Accordingly the present invention provides histogram-based segmentation of images and video via color moments. A user defines a relatively large area that lies entirely within each object of interest in one or more images, frames or pictures from a video signal. A normalized, average color moment vector is generated with an associated co-variance matrix for each user-defined area, as well as “garbage” parameters based upon the normalized average color moment and associated co-variance matrix. Each normalized average color moment vector defines a color class. A segmentation algorithm then examines each block of each image, frame or picture, deriving a color moment vector for each block. A log likelihood test is used to determine for each block of the image, frame or picture which color class does the block most likely fall into. Then a pair of “garbage” model tests based on the “garbage” parameters are conducted to assure that the block is within the most likely color class. If the block fails one of the “garbage” model tests, then the block is classified as being a member of a “garbage” color class. All connected blocks that fall within a given color class are determined about the centroid of the corresponding user-defined rectangle and are associated with the corresponding object for which a segmentation key is generated for the object. The centroid is tracked from frame to frame of the video using a variation of a Kalman filter.

The objects, advantages and other novel features of the present invention are apparent from the following detailed description when read in conjunction with the appended claims and attached drawing.

DESCRIPTION OF THE SEVERAL VIEWS OF THE DRAWING

FIG. 1 is an illustrative display view of images or key frames from a video signal containing multiple objects to be segmented according to the present invention.

FIG. 2 is an illustrative flow diagram view of the processing for determining for each object a normalized average color moment vector with associated co-variance that defines a color class for the object according to the present invention.

FIG. 3 is a flow chart view of the segmentation algorithm for each block of an image or key frame in the video signal to determine into which color class the block falls according to the present invention.

DETAILED DESCRIPTION OF THE INVENTION

The basic concept of the present invention is to perform semiautomatic extraction of an object or objects of interest from a given color sequence of images, frames or pictures of a video signal using color moments that represent a color histogram for the object(s). Referring now to FIG. 1 a pair of color images or key frames 10, 10′ from the given color sequence is shown with the object(s) of interest 12, 12′. For each object of interest 12, 12′ in each key frame 10, 10′ a user is asked to define a relatively large area 14, 14′, such as a rectangle, that lies entirely within the object of interest. In a video clip different objects may appear in different frames, so the user is allowed to use as many frames as needed to define objects that are of interest. Typically the user uses frames where the objects of interest are clearly visible. A segmentation algorithm begins by characterizing the color information within each user-defined area 14, 14′. The use of color histograms for this purpose is a well-known technique. However such methods are subject to certain limitations: namely the color space has to be divided into a finite number of “bins”, and selecting a good set of such bins is image-dependent and, therefore, less robust.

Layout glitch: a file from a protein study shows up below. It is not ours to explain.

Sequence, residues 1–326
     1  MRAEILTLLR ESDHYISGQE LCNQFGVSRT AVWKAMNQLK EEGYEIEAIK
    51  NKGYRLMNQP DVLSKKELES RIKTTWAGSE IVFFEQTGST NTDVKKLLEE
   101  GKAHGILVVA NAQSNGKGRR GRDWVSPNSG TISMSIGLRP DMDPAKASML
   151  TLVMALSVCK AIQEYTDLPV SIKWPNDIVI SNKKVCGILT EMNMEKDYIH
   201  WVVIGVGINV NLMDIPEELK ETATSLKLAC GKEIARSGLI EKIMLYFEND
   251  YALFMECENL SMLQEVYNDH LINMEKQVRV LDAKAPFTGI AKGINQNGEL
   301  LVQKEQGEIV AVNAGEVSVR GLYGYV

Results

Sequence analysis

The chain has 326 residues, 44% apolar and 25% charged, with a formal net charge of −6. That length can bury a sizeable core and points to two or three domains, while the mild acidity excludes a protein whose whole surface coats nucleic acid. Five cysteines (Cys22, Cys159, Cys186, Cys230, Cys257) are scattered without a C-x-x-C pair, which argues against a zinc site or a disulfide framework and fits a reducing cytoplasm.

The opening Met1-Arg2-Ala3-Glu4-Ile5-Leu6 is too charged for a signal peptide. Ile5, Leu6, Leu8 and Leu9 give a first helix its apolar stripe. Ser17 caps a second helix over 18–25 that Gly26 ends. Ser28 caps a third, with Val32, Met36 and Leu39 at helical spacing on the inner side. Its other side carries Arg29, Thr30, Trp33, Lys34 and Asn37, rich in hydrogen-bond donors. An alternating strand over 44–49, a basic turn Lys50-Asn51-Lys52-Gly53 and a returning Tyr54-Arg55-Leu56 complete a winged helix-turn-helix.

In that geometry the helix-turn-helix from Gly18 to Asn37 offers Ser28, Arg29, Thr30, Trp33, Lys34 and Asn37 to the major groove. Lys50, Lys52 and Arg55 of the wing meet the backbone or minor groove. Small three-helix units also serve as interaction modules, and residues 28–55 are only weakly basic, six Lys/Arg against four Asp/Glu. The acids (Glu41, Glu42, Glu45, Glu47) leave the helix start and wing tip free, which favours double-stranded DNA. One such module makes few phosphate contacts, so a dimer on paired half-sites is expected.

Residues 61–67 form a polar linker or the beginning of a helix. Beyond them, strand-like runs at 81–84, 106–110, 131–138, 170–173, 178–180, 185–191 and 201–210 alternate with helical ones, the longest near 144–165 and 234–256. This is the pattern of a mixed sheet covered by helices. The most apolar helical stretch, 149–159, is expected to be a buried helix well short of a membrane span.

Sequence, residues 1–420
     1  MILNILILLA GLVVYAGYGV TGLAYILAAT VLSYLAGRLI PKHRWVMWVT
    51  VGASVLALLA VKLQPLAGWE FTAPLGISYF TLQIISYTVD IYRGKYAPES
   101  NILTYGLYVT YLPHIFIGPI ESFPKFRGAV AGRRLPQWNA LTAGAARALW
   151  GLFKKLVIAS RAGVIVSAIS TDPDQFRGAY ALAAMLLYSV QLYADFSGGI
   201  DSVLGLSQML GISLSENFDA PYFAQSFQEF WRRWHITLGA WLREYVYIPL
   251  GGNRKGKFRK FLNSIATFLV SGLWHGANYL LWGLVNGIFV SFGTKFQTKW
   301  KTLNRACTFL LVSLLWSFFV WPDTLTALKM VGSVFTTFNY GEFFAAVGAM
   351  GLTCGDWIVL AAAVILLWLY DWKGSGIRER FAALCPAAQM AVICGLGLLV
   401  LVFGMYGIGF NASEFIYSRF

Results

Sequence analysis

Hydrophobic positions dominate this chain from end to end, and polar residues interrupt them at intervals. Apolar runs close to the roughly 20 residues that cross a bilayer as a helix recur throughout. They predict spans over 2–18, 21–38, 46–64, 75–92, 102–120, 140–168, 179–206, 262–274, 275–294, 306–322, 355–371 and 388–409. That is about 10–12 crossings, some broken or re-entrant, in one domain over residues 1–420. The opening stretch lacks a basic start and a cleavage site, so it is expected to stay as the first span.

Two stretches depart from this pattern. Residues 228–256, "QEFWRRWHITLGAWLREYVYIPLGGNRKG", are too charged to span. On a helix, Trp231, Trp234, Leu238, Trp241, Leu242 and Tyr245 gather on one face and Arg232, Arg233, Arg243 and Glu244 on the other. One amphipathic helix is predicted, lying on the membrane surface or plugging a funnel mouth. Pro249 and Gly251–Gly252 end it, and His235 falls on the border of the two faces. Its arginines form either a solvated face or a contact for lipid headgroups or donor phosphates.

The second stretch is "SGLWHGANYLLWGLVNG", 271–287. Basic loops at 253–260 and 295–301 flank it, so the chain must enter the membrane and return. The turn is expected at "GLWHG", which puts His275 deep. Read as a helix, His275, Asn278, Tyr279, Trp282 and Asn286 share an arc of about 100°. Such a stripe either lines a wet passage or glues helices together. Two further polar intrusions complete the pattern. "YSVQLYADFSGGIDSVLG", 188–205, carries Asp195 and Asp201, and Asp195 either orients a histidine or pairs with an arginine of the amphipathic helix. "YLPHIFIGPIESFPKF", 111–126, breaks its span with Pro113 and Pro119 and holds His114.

The use of color moments to represent a color histogram circumvents the problems presented by using color histogram methods by eliminating the need for explicit quantization of the color histogram into a number of bins. In the field of probability/statistics it is known that a histogram is uniquely specified by all its moments. The relationship is: Φ X1X2X3 ( w 1 , w 2 , w 3 ) = FT { h X1X2X3 ( x 1 , x 2 , x 3 ) = k , l , m = 0 E { X 1 k X 2 l X 3 m } ( ( jw 1 ) k / k ! ) * ( ( jw 2 ) l / l ! ) * ( ( jw 3 ) m / m ! )

where X1,X2,X3 represent the three color components, hX1X2X3(.) is the three-dimensional histogram, ΦX1X2X3(.) is the Fourier transform of the histogram (characteristic function), and E{X1 kX2 lX3 m} represents the moments.

Each pixel in the object 12 has three color components. For the present illustration the Y,Cb,Cr domain is used. To characterize the histogram of the object, instead of an infinite set of moments as in the above equation, a finite number of color moments is used. For the present example 13 normalized color moments are used:

E{Y} E{Cb} E{Cr}
(E{Y2}) (E{Cb2}) (E{Cr2})
3(E{Y3}) 3(E{Cb3}) 3(E{Cr3})
128*PYCb 128*PYCr l28*PCrCb
3(E{YCbCr})

where Px is a correlation coefficient, i.e.,

PYCbΔ(E{YCb}−E{Y}E{Cb})/(σYσCb)

where σ are the variances.

From the large user-defined areas 14, 14′ the above moments for those areas may be calculated to provide 13-point normalized average color moment vectors {C*} that characterize each area where C*=[E{Y}, E{Cb}, . . . ]T. For each of NU user defined rectangles corresponding to an equal number of objects of interest, the average of the M color moments is computed from PxQ blocks (P=Q=5, for example). The algorithm may use smaller values of P and Q, and in such cases some of the moments are redundant. This gives a set of NU color moment vectors that characterize the objects of interest by their color information.

In order to segment a given image from the sequence of images into NU “color” classes, the well-known log likelihood test is used. The method is:

Segmentation Algorithm